more prepared than Ned because both of my children are avid
deals with three sets of relationships: the sons, the two parents,
and of course the parents' relationship to a father. Did that
connect to your own experience or to experiences that you've talked
about or discussed with friends or family?
that everybody our age has some sort of relationship to. When your
parents get to the age when they need more help, it's a really
emotional time for families. I think, also, a lot of my interest in
this film was about that notion of fatherhood, and having the two
different perspectives on Brian Dennehy's and my character was a
really good experience for me.
I've read, you've unusual or difficult parents, and like I had with
my father, who was much like Brian Dennehy's character.
I like to say
I have a very creative family; I come from a very creative family.
scenario where you can't do anything for a parent to make him feel
better about the end of his life – I went through that with my
father. Did you have anybody you talked to about that?
For the most
part, that was more Helen's work than it was mine. My role in that
was to deal with how Helen was reacting to her father's illness and
how much of that she was bringing into our relationship. There is an
impossible sadness that accompanies that, that permeates your life
and your relationships, and it's unavoidable. I think that was part
of this story: how does this couple deal with that, and how do they
not let it destroy everything else that they have?
worked with Brian and Helen before? What came out of that experience
that you would say was unique to it?
I had not
worked with either of them before. I think what I liked about both
of them was the familiarity that I think came from being a theater
actor. There is a kind of kinship in that. The same thing with Carla
as well – and Eddie, for that matter. When you work on a film that
goes so quickly and there's no rehearsal process, it's great to have
people who can speak in that shorthand.
convinced you that director Richard Levine could make it work once
you got the script?
it was his intelligence, his sincerity, and honesty. He said, "I
don't know what to tell you about what kind of movie I'm going to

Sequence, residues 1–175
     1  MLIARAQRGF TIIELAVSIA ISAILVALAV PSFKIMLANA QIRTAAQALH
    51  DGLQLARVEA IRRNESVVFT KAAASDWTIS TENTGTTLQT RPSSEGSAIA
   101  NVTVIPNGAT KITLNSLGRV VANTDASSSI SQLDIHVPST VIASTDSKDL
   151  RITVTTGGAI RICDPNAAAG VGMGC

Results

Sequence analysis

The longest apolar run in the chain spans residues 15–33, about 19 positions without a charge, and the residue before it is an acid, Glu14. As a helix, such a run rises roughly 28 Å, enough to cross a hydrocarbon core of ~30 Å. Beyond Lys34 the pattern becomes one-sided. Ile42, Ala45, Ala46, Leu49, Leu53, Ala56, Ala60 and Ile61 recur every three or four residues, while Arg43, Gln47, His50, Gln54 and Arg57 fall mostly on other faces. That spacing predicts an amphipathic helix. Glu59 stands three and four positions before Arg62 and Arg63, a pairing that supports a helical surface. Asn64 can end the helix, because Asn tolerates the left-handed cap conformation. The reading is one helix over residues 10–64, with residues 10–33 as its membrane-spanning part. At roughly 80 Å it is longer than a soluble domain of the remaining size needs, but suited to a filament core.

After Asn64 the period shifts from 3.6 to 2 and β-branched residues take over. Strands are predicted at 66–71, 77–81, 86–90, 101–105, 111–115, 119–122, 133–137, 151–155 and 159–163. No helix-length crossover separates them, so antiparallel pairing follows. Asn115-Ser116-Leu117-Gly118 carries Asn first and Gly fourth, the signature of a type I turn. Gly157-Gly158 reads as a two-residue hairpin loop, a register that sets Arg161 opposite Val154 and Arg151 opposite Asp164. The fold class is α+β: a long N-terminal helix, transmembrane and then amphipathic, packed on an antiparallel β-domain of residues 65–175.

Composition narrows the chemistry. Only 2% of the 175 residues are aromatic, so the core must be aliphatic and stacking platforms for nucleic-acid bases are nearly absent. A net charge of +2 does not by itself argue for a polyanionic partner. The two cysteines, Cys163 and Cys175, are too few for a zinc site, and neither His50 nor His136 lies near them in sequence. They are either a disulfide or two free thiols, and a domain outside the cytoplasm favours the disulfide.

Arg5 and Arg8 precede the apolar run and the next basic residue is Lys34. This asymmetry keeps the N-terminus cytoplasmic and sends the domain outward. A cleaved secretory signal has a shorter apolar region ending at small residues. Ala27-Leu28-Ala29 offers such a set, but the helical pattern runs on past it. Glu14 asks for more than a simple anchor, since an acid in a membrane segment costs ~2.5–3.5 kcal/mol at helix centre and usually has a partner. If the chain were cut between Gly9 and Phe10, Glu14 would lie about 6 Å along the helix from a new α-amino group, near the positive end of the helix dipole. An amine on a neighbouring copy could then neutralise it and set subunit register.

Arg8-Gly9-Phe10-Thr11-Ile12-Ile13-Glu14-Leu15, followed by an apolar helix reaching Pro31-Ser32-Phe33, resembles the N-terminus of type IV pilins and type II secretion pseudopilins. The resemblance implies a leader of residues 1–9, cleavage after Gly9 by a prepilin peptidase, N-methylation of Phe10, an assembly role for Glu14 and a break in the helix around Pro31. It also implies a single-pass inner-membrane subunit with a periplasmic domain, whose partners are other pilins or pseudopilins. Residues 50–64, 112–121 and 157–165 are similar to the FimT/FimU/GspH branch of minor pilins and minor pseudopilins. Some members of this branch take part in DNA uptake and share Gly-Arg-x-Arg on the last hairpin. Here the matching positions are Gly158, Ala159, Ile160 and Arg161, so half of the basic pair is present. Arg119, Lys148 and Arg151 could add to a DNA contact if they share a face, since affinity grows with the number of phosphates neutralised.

make. I only know that it's very close to my heart and it's
something I'm going to try very hard to articulate with the film."
connect with it not only because of getting older but also because
it's a universal story.
I think so,
problem is to get people in to see how universal it is.
you had to sum it up, how you would tell somebody to see this movie?
story, your family, and I think that that's what Richard has
captured. You're not the only person that relates to this, oddly
enough. I think everybody feels that there's a heroic element in
this, and that heroic element is them, the people who have survived
their own family and those who endeavored to keep it together,
Helen is the focal point, you're a team. These are parallel lives –
the father is child to the man, and we see what's happening to three
generations simultaneously – life, birth, the son coming out, the
younger son getting confidence as he finds his artistic side, the
wife trying to maintain all the relationships. No one got totally
histrionic though it's easy to do. Does that resonate with you?
with me when I read the script, that there was a subtlety to what
Richard was doing that I thought felt very real and very compelling.
got offered this role, did you know you were going to be doing your
cross-dressing character Vilma in
No, I had no
a certain irony to having played that part of a gay activist in Ang
Lee's film and then being a father dealing with a son coming out in
I find every
day [so to speak] another irony in the notion of me in a dress
other projects you want to do as an actor or a director that
examines more about who and what you are?
perpetual development on those projects.
There are a
couple of things. It's generally bad luck to talk about them before
they go. But we've got a two-year-old and a three-year-old, so it's
been hard to get any writing done at home. I'm hoping that as they
get older, I'll have more time.